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The Mental Health Benefits of Reading Books

Woman sitting on the couch with a blanket reading a book

I don’t know about you, but I spend a great deal of time reading. I read emails, articles, blog posts, and social media feeds—in other words, I’m spending a lot of time staring at the screens on my phone and computer. It’s a fact of our time that working and socializing heavily depend on our use of technology, but all that screen time comes at a cost. Spending hours at a time on your devices can lead to a variety of problems, from poor sleep to depression, anxiety, and even an increased risk of obesity.

If you’re looking to improve your mental health, it’s essential to be mindful of how much time you spend looking at your digital devices. I’m not suggesting you stop replying to your boss’s emails or ignore texts from your BFF, but the next time you catch yourself doom-scrolling, put your phone down. Do something better for your mental health: Reach for a good book. Here we’ll explore the mental health benefits of reading books instead of superfluous scrolling. I’ll also help you get into the habit of reading for pleasure and relaxation daily.

The Benefits of Reading Books: Is Reading Good for You?

Why is reading important, anyway? As children, most of us are strongly encouraged to read daily—in class, for homework, and for pleasure. From our earliest years through age eighteen or beyond, reading is a necessity, and it becomes a habit. However, when we leave school and enter the workforce, many of us drop or drastically reduce our reading time. Adult life is often stressful, hectic, and exhausting, and reading falls by the wayside. After all, when your to-do list is a mile long, taking an hour to read a novel may feel wasteful and self-indulgent.

Benefits Of Reading︱Improvement Pill

But that’s not the case; reading is a wonderful way to unwind and recharge, which can lead to improved mental and emotional health. Curling up with a good book can help you reduce your stress level, lower your heart rate, and relax your muscles. It provides a temporary escape from everything in your life and gives your brain some much-needed exercise. Reading can open your mind to new ideas and make you more empathetic and socially aware. It can also help improve your focus and memory. And, what’s more, it’s fun!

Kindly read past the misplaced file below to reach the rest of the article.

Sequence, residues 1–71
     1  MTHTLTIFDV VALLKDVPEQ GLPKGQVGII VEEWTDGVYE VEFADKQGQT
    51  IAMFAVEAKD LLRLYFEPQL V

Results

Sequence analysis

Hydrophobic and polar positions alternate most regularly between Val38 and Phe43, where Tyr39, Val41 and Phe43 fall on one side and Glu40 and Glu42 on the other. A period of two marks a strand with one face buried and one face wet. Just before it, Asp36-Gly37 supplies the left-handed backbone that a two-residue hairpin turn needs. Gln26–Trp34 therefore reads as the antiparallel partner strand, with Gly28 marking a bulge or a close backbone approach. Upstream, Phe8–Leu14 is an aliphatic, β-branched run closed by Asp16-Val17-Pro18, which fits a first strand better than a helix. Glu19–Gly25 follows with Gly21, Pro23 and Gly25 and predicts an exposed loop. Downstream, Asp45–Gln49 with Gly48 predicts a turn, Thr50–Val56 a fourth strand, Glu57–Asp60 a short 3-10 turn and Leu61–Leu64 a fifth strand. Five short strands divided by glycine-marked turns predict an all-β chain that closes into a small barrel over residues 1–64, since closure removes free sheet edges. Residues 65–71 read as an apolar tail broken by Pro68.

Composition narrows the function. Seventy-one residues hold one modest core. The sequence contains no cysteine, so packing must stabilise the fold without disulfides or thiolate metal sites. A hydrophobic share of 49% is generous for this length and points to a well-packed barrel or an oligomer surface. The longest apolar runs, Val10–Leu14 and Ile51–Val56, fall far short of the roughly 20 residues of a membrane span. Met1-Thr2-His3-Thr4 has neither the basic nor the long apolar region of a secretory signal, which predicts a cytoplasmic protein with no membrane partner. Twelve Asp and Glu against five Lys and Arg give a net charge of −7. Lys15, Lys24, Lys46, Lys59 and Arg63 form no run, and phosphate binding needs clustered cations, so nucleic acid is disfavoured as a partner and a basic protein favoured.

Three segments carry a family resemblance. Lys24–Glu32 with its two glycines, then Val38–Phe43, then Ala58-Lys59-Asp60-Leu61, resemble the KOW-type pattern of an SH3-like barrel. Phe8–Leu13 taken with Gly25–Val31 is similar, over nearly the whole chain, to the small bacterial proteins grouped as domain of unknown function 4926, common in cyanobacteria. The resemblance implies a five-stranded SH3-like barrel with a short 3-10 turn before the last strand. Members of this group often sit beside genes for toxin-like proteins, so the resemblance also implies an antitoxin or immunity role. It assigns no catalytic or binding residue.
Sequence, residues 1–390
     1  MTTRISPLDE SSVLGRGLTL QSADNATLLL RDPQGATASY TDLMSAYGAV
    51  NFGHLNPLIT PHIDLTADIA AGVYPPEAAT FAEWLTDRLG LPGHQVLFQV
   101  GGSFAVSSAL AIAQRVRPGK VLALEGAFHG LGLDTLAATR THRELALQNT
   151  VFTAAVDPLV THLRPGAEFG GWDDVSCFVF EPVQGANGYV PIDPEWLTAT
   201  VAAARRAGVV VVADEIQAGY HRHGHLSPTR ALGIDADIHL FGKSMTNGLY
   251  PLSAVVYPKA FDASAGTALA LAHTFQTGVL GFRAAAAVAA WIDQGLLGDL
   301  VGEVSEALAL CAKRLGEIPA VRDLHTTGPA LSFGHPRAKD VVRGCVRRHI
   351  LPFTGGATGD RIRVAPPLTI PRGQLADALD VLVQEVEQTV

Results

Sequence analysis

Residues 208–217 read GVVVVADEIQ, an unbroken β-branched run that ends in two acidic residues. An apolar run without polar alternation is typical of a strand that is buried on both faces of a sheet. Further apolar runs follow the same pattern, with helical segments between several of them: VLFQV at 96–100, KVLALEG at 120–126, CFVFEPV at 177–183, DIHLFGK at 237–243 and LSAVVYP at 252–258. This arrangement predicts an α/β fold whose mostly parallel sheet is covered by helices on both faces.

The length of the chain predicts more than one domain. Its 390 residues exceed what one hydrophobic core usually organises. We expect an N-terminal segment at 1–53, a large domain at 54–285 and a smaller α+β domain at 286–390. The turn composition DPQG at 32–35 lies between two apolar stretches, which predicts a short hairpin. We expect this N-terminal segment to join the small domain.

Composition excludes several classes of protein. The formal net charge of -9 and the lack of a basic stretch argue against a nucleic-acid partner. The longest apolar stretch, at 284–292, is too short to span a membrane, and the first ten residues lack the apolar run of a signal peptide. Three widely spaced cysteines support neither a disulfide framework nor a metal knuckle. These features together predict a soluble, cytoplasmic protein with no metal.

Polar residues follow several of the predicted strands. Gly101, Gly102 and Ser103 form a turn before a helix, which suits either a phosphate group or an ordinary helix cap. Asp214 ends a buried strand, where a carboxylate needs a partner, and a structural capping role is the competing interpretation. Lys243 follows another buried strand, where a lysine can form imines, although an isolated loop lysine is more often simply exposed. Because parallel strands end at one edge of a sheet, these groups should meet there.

There’s nothing selfish or lazy about making time to read a book you’re enjoying. It doesn’t mean you’re procrastinating or shirking your many responsibilities. You can’t pour from an empty cup, and spending some time in the pages of a good book can help you refill your cup. Now, let’s figure out how to make reading part of your everyday routine.

Unlock the Benefits of Reading Every Day

Even if you’re consistently busy with work and family life (and who isn’t?), you can enjoy the benefits of reading every day, or at least most days. (Much like going to the gym, you don’t lose points if you miss a day here and there—that’s just part of life.) How will you get lost in a good book each day? If you have a bad habit of scrolling your social media feeds for hours, this is an excellent opportunity to replace it with a much healthier one. Put down your phone and pick up that novel you’ve been meaning to read. It’ll make for a much happier and less stressful bus ride, lunch hour, or bedtime routine.

If you haven’t developed a major scrolling habit, there may be another window in your daily routine where you can squeeze in some quality reading time. Turn off the TV fifteen minutes earlier than usual in the evening and read a chapter or two. Or try setting your alarm fifteen minutes earlier to start your day with your book. (This may not work for you if you’re not a morning person!)

Woman on the couch reading a book with a scarf on and a blanket
Put down your phone and pick up that novel you’ve been meaning to read (Image Source: Shutterstock)

Do you have trouble focusing on what you’re reading? It’s difficult to keep your mind on your book when your thoughts are racing. The ubiquitousness of digital devices and social media hasn’t been kind to anyone’s attention spans in the last few years. Reading a lengthy story or nonfiction work may seem challenging, but stick with it. Check out some innovative ways to focus on reading, and be encouraged: You’re doing something to counteract all that mindless scrolling time.

Good Books to Read for Improved Mental Health

Now that you know why reading is essential, you’re committed to reading a book daily. You may be wondering what you should be reading, and the answer is: The sky’s the limit! If you love fictional literature, enjoy the temporary escape it provides from your humdrum weekdays. If you’re more of a nonfiction aficionado, that’s equally good for you. Pick up a how-to book and learn a valuable new skill, or dig into the biography or autobiography of someone you admire. You might even check out some self-help books to help you improve your sense of emotional well-being—after all, it’s been a stressful few years for nearly everyone. Check out this list of sixteen mental health books and see which one most appeals to you. You’ll never regret spending time achieving better mental and emotional wellness.

Let’s face it: Digital devices and social media apps aren’t going anywhere (as evidenced by your reading this post on your phone or laptop!). If we’re being realistic, we can’t expect to eliminate our exposure to screen time altogether, and, like most things in life, it’s fine in moderation. Life is about balance, and reading a book daily can help prevent the unwanted side effects of hours of scrolling. Give yourself the gifts of better sleep, reduced stress, and improved mental wellness. Head to your local library or bookstore and grab a book!